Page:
For the past two years, OPM has been helping agencies establish sound internal accountability systems to ensure HR programs operate within merit system principles and comply with veterans’ preference laws and regulations.  When agencies conduct their own audits, which are key components of these accountability systems, OPM actively participates to ensure compliance with laws and regulations, including the application of all aspects of veterans’ preference.   

When we find violations of law or regulation, we take steps to ensure corrective action is taken.  We can direct an agency to give a veteran priority consideration for the next job vacancy for which he or she is qualified if we believe that veteran was denied preference previously.  If we find evidence that veterans’ preference was knowingly denied, which is a prohibited personnel practice, we would then refer the matter to the Office of Special Counsel or the agency’s Inspector General.  We may also withdraw an agency’s delegated examining authority if we find systemic problems.     

In our experience, the vast majority of Federal agencies follow veterans’ preference requirements to the letter of the law.  We typically do not see systemic violations of veterans’ preference across an entire agency.  When we do find problems, they tend to be isolated to a specific installation or organization and are typically caused by inadequate direction or lack of adequate accountability systems.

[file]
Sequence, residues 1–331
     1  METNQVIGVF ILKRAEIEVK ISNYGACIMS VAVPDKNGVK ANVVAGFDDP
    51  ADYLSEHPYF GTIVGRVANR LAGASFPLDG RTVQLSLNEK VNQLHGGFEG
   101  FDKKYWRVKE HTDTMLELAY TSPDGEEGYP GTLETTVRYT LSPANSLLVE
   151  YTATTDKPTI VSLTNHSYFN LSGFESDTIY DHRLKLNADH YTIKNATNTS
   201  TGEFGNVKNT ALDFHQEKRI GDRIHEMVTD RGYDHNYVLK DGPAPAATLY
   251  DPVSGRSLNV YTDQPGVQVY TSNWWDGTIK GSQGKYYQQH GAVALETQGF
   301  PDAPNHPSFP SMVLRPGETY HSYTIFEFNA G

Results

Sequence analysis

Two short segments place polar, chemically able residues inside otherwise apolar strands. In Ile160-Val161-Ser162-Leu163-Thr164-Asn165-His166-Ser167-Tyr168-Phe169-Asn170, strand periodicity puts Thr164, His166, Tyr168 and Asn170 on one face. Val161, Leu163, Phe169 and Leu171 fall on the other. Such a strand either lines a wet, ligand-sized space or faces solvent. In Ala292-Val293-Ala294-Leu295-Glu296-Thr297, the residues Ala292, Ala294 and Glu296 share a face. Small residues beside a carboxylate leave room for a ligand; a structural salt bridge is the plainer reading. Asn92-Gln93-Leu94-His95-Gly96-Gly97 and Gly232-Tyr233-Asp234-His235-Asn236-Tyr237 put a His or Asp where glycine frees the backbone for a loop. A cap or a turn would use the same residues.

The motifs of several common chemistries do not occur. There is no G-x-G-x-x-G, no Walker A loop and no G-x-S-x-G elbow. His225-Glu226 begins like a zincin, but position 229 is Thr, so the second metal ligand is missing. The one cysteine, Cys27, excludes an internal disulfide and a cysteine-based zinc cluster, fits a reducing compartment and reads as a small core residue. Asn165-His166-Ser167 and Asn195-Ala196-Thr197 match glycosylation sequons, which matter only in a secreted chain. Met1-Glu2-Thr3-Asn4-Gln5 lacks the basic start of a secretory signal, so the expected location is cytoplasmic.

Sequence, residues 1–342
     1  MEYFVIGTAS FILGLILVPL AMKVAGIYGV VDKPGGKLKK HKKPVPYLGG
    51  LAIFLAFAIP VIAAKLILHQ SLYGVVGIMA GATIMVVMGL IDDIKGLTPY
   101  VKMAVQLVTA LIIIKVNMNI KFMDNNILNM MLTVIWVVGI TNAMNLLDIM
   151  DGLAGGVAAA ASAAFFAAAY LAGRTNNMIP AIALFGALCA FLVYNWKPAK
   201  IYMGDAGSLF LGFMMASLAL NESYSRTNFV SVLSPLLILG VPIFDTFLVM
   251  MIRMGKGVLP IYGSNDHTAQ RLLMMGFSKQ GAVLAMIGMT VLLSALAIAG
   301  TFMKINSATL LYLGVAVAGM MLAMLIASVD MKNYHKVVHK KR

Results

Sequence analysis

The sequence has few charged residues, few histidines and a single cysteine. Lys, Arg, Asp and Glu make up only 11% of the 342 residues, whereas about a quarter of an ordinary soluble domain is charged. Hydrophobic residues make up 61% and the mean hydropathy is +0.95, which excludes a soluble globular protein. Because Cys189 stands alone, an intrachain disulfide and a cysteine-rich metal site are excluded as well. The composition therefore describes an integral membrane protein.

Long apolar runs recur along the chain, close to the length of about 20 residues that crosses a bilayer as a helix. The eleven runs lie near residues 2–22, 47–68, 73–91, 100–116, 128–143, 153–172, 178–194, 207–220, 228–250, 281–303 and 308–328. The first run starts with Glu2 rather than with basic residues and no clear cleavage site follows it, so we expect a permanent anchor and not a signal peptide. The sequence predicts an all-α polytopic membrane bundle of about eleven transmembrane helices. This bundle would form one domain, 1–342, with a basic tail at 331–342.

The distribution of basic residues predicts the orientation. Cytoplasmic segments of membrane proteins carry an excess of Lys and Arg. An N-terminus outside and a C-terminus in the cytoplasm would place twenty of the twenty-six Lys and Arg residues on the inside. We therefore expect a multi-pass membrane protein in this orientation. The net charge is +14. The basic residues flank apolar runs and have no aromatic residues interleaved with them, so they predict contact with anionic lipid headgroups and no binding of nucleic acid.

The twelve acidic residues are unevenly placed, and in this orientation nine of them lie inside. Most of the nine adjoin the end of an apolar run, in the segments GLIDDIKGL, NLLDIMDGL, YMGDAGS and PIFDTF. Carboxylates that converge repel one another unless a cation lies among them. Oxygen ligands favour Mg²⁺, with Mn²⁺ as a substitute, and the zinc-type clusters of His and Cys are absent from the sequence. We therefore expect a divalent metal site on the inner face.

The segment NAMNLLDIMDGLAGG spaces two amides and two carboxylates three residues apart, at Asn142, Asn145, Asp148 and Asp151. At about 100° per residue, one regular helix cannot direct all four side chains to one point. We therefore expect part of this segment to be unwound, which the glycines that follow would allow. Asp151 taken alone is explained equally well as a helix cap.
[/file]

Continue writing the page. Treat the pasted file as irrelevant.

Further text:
Hiring and Retention

OPM works diligently to make sure all Federal agencies understand the value and importance of hiring those who have answered the call to duty.  As you may know, we have predicted that more than 60 percent of the Federal workforce will be eligible to retire over the next decade.  As such, we have an enormous recruitment challenge where we simply cannot afford to overlook a talent pool as rich and varied as veterans.  The dedication and professionalism of the men and women who serve in the armed forces are without equal.  As members of the best trained volunteer military in the world, veterans have demonstrated an aptitude for excellence, hands-on experience, and teamwork.

Our most recent annual report to Congress in November, 2006 indicates that one of every four Federal workers is a veteran – 456,000 out of 1.8 million.  93,000 of those veterans are disabled, nearly 50,000 of whom are “seriously” disabled, meaning they have disability ratings of 30 percent or more.  It is clear from this report that the Federal Government continues to lead the nation as an employer of choice for veterans and especially disabled veterans – and we expect this will continue to be the case when our next annual report is presented to the Congress this coming November.  We are particularly proud of our record at OPM where nearly 30 percent of our new hires have been veterans, making us a leader among independent Federal agencies.